Director’s Notes, from Robert Kane Pappas

January 30, 2010

Robert Kane Papps, director, TO AGE OR NOT TO AGEOn Halloween (October 31st) 2006, I read the front page story in the New York Times Science section, regarding calorie restriction (CR) and its effects on the health and lifespan of monkeys. Two days later there was a second article beginning on the front page of the Main section, which amplified the first story.

Scientists at Harvard and MIT had been investigating the molecular biology behind calorie restriction since the early 90’s, but over the past several years, one of the Harvard Scientists (Dr. David Sinclair) had identified a substance, resveratrol—found in the skin of red grapes (among other plants)—that seemed to stimulate the same gene, i.e., a first generation calorie restriction mimetic. Mice fed this substance displayed some of the beneficial effects of calorie restriction.

But something else struck me about the article: the lead scientist, Dr. Sinclair, was taking resveratrol. His wife, his parents, and “half my lab” are also taking resveratrol, he said. Dr. Sinclair had studied at MIT under Dr. Leonard Guarente, who, in 1995, found a gene that controlled the longevity of Yeast (Sir 2). A few years later, Dr. Sinclair teamed up with Dr. Christoph Westphal and founded the biotech company Sirtrus, which, at the time of the article’s publication, was doing extensive testing in both mice and humans.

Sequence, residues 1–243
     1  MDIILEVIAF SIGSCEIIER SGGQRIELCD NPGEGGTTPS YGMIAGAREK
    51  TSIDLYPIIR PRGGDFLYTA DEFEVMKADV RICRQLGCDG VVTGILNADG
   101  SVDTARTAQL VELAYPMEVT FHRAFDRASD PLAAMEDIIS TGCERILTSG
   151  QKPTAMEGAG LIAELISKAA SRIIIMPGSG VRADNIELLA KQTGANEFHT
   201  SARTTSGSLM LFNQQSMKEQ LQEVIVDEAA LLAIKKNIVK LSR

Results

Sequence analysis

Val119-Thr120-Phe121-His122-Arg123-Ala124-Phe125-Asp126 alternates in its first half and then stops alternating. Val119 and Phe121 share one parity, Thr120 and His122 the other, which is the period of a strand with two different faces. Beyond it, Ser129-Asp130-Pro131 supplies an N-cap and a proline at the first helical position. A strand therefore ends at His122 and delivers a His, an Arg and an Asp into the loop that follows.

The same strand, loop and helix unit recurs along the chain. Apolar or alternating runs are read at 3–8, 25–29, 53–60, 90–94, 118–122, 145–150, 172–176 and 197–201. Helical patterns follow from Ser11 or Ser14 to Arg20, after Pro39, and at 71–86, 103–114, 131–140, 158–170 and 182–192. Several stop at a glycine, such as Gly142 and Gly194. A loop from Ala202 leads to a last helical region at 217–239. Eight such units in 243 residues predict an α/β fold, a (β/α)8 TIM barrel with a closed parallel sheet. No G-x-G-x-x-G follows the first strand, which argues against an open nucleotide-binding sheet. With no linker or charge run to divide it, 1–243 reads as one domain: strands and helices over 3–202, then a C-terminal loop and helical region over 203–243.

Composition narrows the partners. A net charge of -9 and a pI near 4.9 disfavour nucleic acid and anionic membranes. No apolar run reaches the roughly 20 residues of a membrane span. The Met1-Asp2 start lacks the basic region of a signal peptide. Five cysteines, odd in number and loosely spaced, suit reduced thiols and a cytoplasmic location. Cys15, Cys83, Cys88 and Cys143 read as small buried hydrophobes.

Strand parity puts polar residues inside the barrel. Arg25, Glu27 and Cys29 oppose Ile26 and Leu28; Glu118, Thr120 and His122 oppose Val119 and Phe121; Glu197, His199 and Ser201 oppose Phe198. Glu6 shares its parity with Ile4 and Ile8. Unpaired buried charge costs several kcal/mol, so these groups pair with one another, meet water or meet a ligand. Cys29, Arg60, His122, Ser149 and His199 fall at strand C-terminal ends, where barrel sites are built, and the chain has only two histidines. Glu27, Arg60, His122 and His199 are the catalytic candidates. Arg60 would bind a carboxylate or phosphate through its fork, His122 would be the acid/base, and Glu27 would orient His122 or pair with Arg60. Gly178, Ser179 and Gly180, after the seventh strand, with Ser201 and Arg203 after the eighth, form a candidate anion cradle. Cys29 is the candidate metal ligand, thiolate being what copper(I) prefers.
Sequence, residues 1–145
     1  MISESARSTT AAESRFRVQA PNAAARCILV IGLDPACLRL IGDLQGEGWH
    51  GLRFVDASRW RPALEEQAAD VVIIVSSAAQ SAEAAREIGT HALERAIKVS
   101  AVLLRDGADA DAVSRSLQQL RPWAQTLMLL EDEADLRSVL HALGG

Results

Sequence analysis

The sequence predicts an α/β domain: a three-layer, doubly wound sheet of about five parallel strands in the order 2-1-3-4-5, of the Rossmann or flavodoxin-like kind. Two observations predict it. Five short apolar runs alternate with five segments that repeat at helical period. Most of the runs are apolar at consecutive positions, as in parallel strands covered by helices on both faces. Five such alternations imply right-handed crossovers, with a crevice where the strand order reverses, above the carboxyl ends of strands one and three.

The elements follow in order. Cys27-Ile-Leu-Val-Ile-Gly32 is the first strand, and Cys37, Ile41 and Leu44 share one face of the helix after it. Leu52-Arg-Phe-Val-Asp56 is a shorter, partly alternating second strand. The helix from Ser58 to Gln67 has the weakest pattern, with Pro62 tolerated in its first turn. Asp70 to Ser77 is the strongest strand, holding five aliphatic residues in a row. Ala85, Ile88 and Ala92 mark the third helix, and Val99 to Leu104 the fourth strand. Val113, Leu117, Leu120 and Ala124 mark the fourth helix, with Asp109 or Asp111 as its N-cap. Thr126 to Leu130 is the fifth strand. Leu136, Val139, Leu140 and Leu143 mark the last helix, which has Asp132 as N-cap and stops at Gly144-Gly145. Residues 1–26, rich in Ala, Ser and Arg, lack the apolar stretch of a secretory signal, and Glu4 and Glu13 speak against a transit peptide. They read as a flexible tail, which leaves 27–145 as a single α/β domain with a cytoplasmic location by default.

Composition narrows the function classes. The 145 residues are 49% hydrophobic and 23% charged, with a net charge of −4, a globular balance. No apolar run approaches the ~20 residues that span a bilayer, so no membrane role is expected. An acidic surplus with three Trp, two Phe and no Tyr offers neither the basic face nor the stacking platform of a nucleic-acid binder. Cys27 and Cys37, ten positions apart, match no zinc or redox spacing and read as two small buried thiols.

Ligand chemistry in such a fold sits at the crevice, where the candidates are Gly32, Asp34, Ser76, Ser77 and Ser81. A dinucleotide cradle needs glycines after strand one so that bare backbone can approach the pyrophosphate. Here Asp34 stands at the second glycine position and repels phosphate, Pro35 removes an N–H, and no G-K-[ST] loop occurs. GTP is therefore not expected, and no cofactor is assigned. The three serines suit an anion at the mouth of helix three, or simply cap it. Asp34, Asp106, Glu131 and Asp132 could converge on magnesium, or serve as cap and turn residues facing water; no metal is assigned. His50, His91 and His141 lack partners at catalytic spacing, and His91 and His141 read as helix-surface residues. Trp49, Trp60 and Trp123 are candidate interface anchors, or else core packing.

So began my three-year odyssey of making To Age or Not to Age.

Film directors tend to be serial experts on whatever idea they happen to be seized by.

My last film investigated the structure and methodology of the mainstream news media (Orwell Rolls In His Grave). The film before that concerned love (Some Fish Can Fly).

In making To Age or Not to Age, I probed molecular and evolutionary biology.

The questions and implications surrounding these new discoveries are nothing less than earthshaking.

To quote George Bernard Shaw: 

If you have read “Back to Methuselah”, you will remember Franklyn Barnabas, the ex-clergyman, who with his bother, Conrad, the biologist, had come to the conclusion that the duration of human life must be extended to three hundred years, not because people would profit by a longer experience, but because it was not worth their time to make any serious attempt to better the world or their own condition when they had only thirty or forty years before they doddered away into decay and death. The Brothers Barnabas were, in fact, the first discoverers of the staringly obvious truth that it is our expectation of life and not our experience of it that determines our conduct and character. Consequently, the very vulgar proposition that you can not change human nature is valid only on the assumption that you can not change the duration of human life. If you can change that, you can change political conduct. It was on this thesis of the Barnabas’ that I was concerned when I wrote Back to Methuselah.

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